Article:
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Faculty and staff should contact their local IT support staff or ITS for assistance with encrypted flash drives.


Before proceeding with an encrypted flash drive, determine if the information to be saved on the device will contain any of the University’s Sensitive Information (SI).  If the data might contain sensitive information, please contact your IT Department’s Information Security Liaison (ISL) or ITS via 962-HELP to address any questions or concerns.  Sensitive Information must be stored in services or on devices that meet or exceed the minimum standards addressed in the University’s Information Security Controls Standard.

What is an Encrypted Flash Drive?

A small storage device also known as a USB “flash” or “jump” drive that has also been encrypted to prevent other people and computers from being able to view or access the data.  Compared to standard flash drives, the data is properly encrypted and cannot be read by anyone else without the password, PIN or by using an authorized computer that is able to access the data.  Windows, Apple (OSX / Mac OS) and Linux computers can easily connect to them.  The computer may need to install software the first time a flash drive is plugged into a USB port on the computer.  An encrypted flash drive may also have a keypad on it.

Encryption works by effectively scrambling the data on your flash drive and only you will have the ability to unscramble (decrypt) and access the data.  If the device is lost or stolen and your data was properly encrypted, it is not possible for anyone else to access the data or view the information.

Supported Technologies

The encrypted flash drive should be FIPS 140-2 Level 3 certified and use AES 256-bit encryption in XTS mode.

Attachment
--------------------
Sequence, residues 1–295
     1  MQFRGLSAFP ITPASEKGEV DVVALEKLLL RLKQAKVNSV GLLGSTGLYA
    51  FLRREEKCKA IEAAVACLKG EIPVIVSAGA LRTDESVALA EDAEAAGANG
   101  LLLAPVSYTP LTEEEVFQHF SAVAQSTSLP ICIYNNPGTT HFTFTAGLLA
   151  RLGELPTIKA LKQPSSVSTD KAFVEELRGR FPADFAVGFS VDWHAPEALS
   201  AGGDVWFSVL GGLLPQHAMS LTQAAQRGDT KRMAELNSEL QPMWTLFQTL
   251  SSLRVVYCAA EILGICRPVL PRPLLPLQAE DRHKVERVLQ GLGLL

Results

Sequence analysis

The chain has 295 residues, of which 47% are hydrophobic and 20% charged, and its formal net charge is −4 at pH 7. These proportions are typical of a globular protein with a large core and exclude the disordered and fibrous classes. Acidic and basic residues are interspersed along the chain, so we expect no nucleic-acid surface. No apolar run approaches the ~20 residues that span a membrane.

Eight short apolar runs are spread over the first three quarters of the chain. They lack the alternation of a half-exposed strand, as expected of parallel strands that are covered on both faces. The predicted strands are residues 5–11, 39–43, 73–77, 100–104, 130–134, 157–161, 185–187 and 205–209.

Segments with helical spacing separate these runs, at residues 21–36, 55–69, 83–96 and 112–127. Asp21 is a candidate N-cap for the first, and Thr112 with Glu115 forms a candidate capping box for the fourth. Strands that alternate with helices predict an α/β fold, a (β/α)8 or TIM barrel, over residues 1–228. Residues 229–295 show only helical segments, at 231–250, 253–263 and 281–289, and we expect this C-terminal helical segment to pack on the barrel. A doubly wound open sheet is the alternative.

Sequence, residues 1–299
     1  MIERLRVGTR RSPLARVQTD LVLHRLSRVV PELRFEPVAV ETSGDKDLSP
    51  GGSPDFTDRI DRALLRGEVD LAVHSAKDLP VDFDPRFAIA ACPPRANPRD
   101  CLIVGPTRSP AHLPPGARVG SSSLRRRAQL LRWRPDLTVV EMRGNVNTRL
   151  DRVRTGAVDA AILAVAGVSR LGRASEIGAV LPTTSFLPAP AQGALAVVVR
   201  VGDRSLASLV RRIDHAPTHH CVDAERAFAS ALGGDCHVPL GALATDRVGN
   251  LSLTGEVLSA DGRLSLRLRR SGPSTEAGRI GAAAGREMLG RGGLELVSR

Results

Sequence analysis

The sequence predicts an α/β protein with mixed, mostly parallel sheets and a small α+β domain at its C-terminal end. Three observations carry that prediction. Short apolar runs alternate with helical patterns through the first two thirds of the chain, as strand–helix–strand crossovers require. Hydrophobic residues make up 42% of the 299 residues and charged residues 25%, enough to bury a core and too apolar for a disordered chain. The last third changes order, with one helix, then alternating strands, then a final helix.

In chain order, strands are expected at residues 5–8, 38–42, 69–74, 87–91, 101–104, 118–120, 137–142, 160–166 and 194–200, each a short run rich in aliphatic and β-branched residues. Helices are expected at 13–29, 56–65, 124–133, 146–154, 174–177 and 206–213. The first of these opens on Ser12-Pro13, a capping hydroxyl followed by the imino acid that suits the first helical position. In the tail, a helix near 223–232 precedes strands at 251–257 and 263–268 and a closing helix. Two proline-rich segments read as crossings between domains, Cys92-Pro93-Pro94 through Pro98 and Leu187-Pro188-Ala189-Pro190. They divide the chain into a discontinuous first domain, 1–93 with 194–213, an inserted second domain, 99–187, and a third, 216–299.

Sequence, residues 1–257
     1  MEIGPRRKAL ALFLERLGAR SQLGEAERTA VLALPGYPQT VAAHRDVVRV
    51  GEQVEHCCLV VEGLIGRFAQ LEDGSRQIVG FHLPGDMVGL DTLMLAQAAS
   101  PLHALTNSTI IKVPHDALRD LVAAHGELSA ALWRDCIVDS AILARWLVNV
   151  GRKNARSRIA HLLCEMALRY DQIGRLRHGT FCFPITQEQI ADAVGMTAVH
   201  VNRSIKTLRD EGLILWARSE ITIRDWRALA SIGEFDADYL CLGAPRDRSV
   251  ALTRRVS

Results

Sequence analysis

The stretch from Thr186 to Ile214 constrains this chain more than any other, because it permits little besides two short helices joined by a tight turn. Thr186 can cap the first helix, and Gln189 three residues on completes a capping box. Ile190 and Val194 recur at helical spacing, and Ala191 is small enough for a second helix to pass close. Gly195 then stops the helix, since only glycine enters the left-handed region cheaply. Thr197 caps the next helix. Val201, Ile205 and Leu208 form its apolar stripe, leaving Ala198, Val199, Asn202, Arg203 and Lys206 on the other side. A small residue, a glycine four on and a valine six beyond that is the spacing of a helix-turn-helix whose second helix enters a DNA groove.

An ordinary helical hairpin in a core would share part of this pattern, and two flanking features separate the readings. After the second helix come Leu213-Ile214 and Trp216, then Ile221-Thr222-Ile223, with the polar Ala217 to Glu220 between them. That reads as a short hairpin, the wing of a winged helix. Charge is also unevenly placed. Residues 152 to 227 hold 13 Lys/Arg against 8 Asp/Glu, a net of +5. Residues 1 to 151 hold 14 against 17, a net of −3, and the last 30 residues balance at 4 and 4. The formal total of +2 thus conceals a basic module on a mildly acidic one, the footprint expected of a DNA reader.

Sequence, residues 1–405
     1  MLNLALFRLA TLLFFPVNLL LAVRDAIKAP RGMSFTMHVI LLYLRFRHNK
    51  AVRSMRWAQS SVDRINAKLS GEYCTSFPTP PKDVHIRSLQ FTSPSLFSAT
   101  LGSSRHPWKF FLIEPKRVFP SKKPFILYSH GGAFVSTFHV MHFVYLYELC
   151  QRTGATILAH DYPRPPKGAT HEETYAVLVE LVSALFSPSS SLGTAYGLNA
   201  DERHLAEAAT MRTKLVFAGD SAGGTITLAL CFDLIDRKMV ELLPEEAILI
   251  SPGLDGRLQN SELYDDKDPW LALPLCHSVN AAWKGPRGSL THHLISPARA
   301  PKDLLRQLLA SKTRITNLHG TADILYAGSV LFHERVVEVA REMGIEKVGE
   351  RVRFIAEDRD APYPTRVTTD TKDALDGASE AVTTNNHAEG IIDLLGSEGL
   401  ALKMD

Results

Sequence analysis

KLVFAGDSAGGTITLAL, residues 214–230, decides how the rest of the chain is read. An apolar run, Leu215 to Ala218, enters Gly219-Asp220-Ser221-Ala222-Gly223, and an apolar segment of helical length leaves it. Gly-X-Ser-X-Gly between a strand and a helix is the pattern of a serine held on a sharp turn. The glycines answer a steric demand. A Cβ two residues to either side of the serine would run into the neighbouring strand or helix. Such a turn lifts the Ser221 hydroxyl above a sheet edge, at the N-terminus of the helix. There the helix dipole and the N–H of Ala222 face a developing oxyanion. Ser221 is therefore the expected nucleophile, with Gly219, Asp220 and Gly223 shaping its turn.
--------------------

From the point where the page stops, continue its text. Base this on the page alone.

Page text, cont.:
Can an Encrypted Flash Drive be Infected or Damaged by Malware?  Yes.

Encrypted flash drives are vulnerable to malware especially if your computer is not kept up-to-date.  For example: if ransomware is installed on your computer and it encrypts the data on your flash drive, you will not be able to view or recover your data.  If you suspect that ransomware or any type of virus/malware may be installed on your computer(s) or flash drive, please contact your local IT support staff or 962-HELP.  To help prevent infections and loss of data, install anti-malware software on all computers and run scans regularly on both the computers and on the encrypted flash drive as well.  Update all computers and devices, apply updates and patches as soon as possible.  This includes updates for your computers and any related devices such as an encrypted flash drive.  A flash drive should never store the only copy of any important files.

Examples of Recommended Encrypted Flash drives, FIPS 140-2 Certified Devices

  • Kingston IronKey DataTraveler 4000G2
  • Kingston IronKey D300
  • DataLocker Sentry 3 FIPS
  • Kingston IronKey S1000 Basic

Additional Considerations Compared to Other Storage Options

  • Flash drives do not provide the protections or fault tolerance that other storage offerings provide, such as OneDrive, SharePoint, network shares, home directories, (NAS) or Secure NAS (SecNAS). Physical damage or corruption of a flash drive is likely to result in the permanent loss of the data.
  • Small portable devices such as flash drives are easy to misplace or be stolen.
  • The amount of available storage on a flash drive cannot be expanded.

Primary Factors Considered

FIPS 140-2 Level 3, FIPS 197
Keypad or Password
Brute Force Lockout
Tamper Protection
Encryption Type /AES 256-bit / AES Hardware
USB Level and Compatibility

Other Factors Considered

Management Console
System Compatibility

Other Related Information

Regarding the University’s Sensitive Information such as social security numbers, passports, PHI/HIPAA and other types of information, please see UNC’s information classification standard.